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The Graham Album Review #2200

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Ricciardi-Ronstadt: Blue Bayou

(independent release, as broadcast on WVIA-FM 6/3/2024)

Musical associations happen in different ways. Usually when a band forms, the founders seek out players for the instruments needed – a drummer, a bass player, and so on, to fill out the band. But sometimes, the musical partnership happen in less structured, more organic ways, and you end up with perhaps an unusual instrumental configuration, a clarinet player in a rock band, or maybe an accordion in a bluegrass band. This time, we have one of those odd combinations and the result is an interesting album that brings a different take to some familiar songs. It’s by a duo called Ricciardi-Ronstadt, and their album is called Blue Bayou.

The principals are vocalist Neysa Ricciardi and cellist Michael G. Ronstadt, and yes, he’s related to singer Linda Ronstadt, who is his aunt.

Ms. Ricciardi does not play an instrument on the album, so for the cello to carry much of the instrumental weight would seem to be challenging. Ms. Ricciardi says that the two met on the Fourth of July in 2013, at a concert involving Ronstadt’s family, and Ricciardi and Michael G. Ronstad started jamming together. Obviously, a single voice and cello would make for a rather esoteric or just plain boring album, but Ronstadt almost always multi-tracks his cello on the album, usually having a bass part played pizzicato, and one or two melody lines. Frequently there is a percussionist, rather than a drum set, and there are some occasional guest appearances from a trumpeter, and a vibist. Ronstatd also occasionally plays some guitar and mandolin on one track.

Though there are two original songs, most of the album is made up of Tin Pan Alley area standards, with an odd, ominous-sounding cover of the title song, Blue Bayou, made famous by Linda Ronstadt.

Opening is a song that has become a jazz standard, On Green Dolphin Street originally from a film in the 1950s. After a kind of psychedelic opening section with odd cello noises <<>> the album settles down to the general sound of the project, with Ronstadt usually on three tracks of his cello – plucking the bass line and two melodic lines. This piece does have a regular drum set as played by Chuck Staab. <<>>

The title track Blue Bayou though it was made famous by Michael Ronstadt’s aunt Linda Ronstadt, was actually written by Roy Orbison. The duo take it at a slow tempo and give it as kind of spooky texture. <<>>

Ricciardi and Ronstadt gives another old standard The Face That I Love a version in a jazzy waltz time. Ronstadt also contributes vocals. <<>>

Probably the jazziest track on the album is one of the two original songs, September Sad, which features Morgan Walbridge on vibes. Ms. Ricciardi shows she has the jazz vocal chops. <<>>

The duo includes a tune by jazz great Bob Dorough, Small Day Tomorrow, which also features some interesting instrumental contributions with Ronstadt on cello, and Mat Cappy on trumpet. <<>>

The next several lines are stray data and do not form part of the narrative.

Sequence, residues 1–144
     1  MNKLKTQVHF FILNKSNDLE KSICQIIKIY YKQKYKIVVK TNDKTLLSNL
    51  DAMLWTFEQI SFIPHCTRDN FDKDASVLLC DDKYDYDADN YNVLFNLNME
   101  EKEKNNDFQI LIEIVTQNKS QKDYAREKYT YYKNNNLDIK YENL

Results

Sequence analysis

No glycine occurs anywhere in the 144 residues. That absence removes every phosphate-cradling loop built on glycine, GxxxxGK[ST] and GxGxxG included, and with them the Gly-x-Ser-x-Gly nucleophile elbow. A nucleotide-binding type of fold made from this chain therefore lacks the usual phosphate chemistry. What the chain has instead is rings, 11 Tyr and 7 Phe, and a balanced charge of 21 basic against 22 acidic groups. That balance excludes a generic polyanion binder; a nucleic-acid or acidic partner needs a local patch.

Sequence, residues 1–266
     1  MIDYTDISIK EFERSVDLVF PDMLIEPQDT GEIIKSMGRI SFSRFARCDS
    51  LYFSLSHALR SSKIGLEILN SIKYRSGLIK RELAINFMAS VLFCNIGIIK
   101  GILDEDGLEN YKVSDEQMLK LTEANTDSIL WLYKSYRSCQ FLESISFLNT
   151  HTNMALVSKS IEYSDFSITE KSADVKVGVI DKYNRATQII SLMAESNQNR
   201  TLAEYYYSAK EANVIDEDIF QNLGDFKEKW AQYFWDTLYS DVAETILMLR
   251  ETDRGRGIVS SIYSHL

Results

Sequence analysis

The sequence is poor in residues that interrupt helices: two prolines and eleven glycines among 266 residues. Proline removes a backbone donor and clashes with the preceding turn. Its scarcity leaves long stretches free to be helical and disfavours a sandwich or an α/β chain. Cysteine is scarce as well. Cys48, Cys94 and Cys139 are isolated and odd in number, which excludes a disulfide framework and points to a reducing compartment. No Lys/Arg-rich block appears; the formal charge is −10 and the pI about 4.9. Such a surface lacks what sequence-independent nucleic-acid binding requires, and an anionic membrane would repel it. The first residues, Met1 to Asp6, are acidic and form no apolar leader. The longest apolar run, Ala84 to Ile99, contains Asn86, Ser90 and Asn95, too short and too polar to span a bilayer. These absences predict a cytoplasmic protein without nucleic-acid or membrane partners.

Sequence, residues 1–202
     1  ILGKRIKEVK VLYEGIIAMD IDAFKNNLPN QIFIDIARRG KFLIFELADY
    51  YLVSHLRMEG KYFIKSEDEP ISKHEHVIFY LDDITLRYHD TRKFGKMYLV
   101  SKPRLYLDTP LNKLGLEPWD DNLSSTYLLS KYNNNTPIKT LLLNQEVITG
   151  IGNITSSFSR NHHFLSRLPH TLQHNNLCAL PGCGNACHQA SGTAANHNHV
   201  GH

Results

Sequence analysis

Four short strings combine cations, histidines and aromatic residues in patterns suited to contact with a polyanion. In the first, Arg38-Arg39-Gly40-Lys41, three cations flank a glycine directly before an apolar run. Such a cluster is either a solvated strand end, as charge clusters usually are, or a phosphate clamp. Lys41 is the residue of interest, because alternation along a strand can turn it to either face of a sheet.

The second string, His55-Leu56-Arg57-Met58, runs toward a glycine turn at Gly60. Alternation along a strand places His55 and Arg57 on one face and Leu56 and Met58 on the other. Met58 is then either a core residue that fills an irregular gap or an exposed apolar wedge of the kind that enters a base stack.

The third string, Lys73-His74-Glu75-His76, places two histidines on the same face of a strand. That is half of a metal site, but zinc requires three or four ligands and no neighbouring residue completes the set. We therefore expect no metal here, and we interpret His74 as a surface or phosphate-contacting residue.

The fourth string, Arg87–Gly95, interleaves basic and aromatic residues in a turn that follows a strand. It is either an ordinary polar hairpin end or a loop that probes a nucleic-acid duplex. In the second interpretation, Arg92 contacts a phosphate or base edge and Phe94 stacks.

Ricciardi and Ronstadt do a bluesy tune called Ain’t No Use which also features the trumpet. The cello is not exactly an instrument associated with the blues, and for the most part, it’s just playing the bass part. <<>> But Ronstadt does a little solo section. <<>>

One of the more creative tracks is a medley of the Beatles’ Mother Nature’s Son with the old standard song Nature Boy. The duo do the tunes in a way just is opposite what you would expect, a slow, lugubrious version of Mother Nature’s Son with an upbeat treatment of Nature Boy. <<>>

The album ends with the other original tune called Better Days. It’s an attractive swingy song with optimistic lyrics. Ronstadt overdubs several parts, playing electric and acoustic guitar in addition to his cello bass line and some bowed cello parts. <<>>

It’s interesting when an unlikely musical combination takes shape, often because of the personal affinity of the players. Naysa Ricciardi and Michael G. Ronstadt are one of those musical amalgamations. Actually, it’s not the first time for a cello-vocal duo – back in 2007, there as the duo of Bethany Yarrow, daughter of Peter, Paul & Mary’s Peter Yarrow, and cellist Rufus Cappadocia did an album of mainly traditional folk songs. Ricciardi and Ronstadt take a rather jazzier approach, covering several jazz standards, and Ronstadt liberally overdubs his cello and adds some guitar. The arrangements can sound stripped down, especially for songs one is more used to hearing in more orchestrated versions, but it works quite well and the result is pleasing and can be amusing in a way, thanks to Ricciardi’s personable vocals.

Our grade for audio quality is about a “B-minus.” The sound is over-compressed to the point that both the vocal and cello just don’t sound very clean.

Overall, Ricciardi and Ronstadt’s Blue Bayou provides a some enjoyable listening from a musically distinctive perspective.

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This page last updated June 10, 2024